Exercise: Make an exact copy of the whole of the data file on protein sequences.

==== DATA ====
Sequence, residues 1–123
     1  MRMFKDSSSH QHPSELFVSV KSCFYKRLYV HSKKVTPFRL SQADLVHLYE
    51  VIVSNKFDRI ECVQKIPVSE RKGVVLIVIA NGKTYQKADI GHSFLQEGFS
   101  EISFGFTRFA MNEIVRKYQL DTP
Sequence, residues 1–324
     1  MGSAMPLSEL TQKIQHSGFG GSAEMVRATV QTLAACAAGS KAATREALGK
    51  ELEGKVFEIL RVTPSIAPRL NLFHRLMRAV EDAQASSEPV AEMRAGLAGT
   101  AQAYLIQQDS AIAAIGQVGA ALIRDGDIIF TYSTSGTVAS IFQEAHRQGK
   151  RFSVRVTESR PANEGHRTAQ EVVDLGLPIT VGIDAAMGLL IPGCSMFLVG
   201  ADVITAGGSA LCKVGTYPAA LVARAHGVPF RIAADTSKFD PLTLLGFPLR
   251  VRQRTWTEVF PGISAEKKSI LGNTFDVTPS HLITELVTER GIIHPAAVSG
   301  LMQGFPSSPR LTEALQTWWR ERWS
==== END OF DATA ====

Sequence, residues 1–123
     1  MRMFKDSSSH QHPSELFVSV KSCFYKRLYV HSKKVTPFRL SQADLVHLYE
    51  VIVSNKFDRI ECVQKIPVSE RKGVVLIVIA NGKTYQKADI GHSFLQEGFS
   101  EISFGFTRFA MNEIVRKYQL DTP
Sequence, residues 1–324
     1  MGSAMPLSEL TQKIQHSGFG GSAEMVRATV QTLAACAAGS KAATREALGK
    51  ELEGKVFEIL RVTPSIAPRL NLFHRLMRAV EDAQASSEPV AEMRAGLAGT
   101  AQAYLIQQDS AIAAIGQVGA ALIRDGDIIF TYSTSGTVAS IFQEAHRQGK
   151  RFSVRVTESR PANEGHRTAQ EVVDLGLPIT VGIDAAMGLL IPGCSMFLVG
   201  ADVITAGGSA LCKVGTYPAA LVARAHGVPF RIAADTSKFD PLTLLGFPLR
   251  VRQRTWTEVF PGISAEKKSI LGNTFDVTPS HLITELVTER GIIHPAAVSG
   301  LMQGFPSSPR LTEALQTWWR ERWS